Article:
Newsletter August 2019
Combination Cruises East of Flores, Komodo and Sumbawa
By Alex del Olmo.
If you are into underwater photography or videography (or maybe both) and you are thinking of joining on a liveaboard, how does it sound if I tell you that in Komodo National Park you will have the chance to film or shoot some of the best reefs in the world, see Komodo dragons, dive with mantas and have the chance to see rare critters. Sounds good, right? And that is what a bunch of liveaboards usually offer.
But if I add some dives in East Sumbawa where you can witness even more incredible critters and colourful reefs full of crinoids, similar to those in South Rinca, but with better visibility and warmer water. And if on top of that I add as well stunning pink beaches all to yourself and fly your drone with no one else ruining your footage? How about that?
But wait, and if I finally add the cherry on top, telling you that you will have the chance to see dolphins and whales, capture rare species like the decorated dartfish, greater hammerheads, the elusive wobbegong, yes, on this trip! And film or shoot some stunning hidden reefs on steroids, with myriads of colourful anthias and table corals in shallow waters that are way up there with Batu Bolong and Tatawa Kecil, but without any other divers around, neither day boats nor liveaboards. And of course dive some stunning atoll walls that look like the ones in Manado, but this time East of Flores...
» CLICK HERE FOR ALEX'S FULL ARTICLE AND MORE PHOTOS
"This was a trip of a lifetime. I hope to come back to Indonesia someday and dive again. Seven Seas was amazing!"
Katsie Hirsh (Komodo and East of Flores, August 2019)
"As this 'trip of a lifetime' comes to an end, my only thought is now to do it all over again! Such a special two weeks with extraordinary vistas both above and below the water, stunning reef life, amazing diving and life aboard made all the richer by the wonderful and welcoming crew. It is an immense privilege to witness such extraordinary off-the-beaten track places, and to be immerse in such beauty. Gratitude to all!"
Philip and Jenny Bigio (Komodo and East of Flores, August 2019)
» Click here for more testimonials.
Aquaculture in Indonesia
Some of you may like to learn a bit more about what happens around Indonesia's vast marine areas. Lida will share some short info stories every now and then, we hope you like them. This one is about Indonesian aquaculture.
Last time I shared how the fisheries sector plays an important role in contributing to national food security and employment in Indonesia. This time I like to explore some of the other ways that Indonesia tries to achieve a target of providing approximately 54 kg of fish protein for its people to eat.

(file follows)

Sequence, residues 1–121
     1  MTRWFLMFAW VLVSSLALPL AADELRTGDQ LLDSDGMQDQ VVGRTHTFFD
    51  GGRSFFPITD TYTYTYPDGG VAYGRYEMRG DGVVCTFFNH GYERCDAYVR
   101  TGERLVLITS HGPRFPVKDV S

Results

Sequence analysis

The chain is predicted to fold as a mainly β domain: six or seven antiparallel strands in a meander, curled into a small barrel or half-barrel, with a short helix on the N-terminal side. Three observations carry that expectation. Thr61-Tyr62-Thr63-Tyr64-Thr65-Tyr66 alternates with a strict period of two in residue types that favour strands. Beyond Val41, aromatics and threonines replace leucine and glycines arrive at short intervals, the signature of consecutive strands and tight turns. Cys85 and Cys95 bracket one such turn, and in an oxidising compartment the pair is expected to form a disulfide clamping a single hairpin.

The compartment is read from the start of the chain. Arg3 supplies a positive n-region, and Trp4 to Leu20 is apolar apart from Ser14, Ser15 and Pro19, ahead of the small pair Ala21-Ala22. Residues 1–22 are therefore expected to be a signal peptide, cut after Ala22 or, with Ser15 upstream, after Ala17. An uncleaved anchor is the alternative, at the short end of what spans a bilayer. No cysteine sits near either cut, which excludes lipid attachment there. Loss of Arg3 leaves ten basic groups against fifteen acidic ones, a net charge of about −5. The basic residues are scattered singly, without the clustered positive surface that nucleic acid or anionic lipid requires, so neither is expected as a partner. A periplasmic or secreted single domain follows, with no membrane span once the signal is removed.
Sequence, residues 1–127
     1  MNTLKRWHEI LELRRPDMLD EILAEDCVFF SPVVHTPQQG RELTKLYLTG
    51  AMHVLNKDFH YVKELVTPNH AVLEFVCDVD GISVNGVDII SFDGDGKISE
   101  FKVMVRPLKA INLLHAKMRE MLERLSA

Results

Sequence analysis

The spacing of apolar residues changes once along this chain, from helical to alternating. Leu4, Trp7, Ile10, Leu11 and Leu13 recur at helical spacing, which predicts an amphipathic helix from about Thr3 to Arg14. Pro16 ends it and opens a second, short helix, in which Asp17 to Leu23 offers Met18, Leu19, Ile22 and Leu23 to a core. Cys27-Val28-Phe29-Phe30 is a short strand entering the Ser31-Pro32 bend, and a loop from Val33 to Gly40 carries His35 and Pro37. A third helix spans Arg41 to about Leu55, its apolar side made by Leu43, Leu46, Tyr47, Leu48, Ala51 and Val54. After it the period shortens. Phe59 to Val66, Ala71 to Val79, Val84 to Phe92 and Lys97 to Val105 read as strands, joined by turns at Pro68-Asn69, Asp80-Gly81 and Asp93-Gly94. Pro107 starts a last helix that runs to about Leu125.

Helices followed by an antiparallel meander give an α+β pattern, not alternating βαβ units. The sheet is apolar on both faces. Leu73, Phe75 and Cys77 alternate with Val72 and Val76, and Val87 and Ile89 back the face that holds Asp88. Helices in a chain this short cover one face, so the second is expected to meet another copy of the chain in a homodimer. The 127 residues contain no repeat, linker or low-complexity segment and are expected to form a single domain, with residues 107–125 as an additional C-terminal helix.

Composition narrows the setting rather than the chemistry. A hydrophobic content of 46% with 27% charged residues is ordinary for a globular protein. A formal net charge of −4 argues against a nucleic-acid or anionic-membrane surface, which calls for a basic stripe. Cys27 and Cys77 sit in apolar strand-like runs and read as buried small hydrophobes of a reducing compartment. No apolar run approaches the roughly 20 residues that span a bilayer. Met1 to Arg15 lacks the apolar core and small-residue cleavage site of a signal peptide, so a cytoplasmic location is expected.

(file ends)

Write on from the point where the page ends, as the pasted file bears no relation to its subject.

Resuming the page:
The Government of Indonesia has an aquaculture production target of 37 million tonnes per year by 2030 (Directorate General of Aquaculture Fisheries, 2017). This target was calculated following ambitions for protein- and livelihood generation. It does, however, not take into account input requirements for feed, land, labor, finance, infrastructure, nor the potential environmental impact caused by output variables such as nitrate and other chemical components that come with aquaculture.
Multiple studies and reports warn of the significant environmental impacts of aquaculture, most people are aware of the challenges for coastal protection and sedimentation in SE Asia's coastal areas related to mass clearing of mangrove forests for shrimp farming. Many people have heard from diseases spreading from fish farms into natural fish stocks and from the burden on wild-capture fisheries related to the fact that many farmed fish eat fish.
» CLICK HERE FOR LIDA'S FULL ARTICLE
Big John to the Rescue!
By Rod Salm.
Manta Alley revisited. The large black pregnant manta we saw in May was gone or had pupped. Certainly, we saw smaller mantas while snorkeling than we had in May and none that was pregnant. But it was very different for the divers who watched and waited as between 12 and 14 mantas glided feeding, mouths wide open, past the cleaning station down at 24 m deep.
Us few snorkelers had our own reward in a bittersweet way. Seeing a small manta (1.5-2 m) with a strange series of white lines marking its back, I free dived down and noticed deep cuts in the left wing. The second dive down, as the manta returned along the reef, I found a long monofilament fishing line trailing behind it, held onto it briefly to see if might pull free, but found it caught fast. The manta possibly had got caught in the side line of a tuna long line, perhaps when crossing open water.
Big John, a seasoned Seven Seas Indonesian crew member and consummate snorkeler, came to the rescue...
» READ ON HERE
The Seven Seas - Pertokoan Simpang Siur (Kuta Poleng) C1 - Jl. Setiabudi
Kuta, Badung 80361 - Bali - Indonesia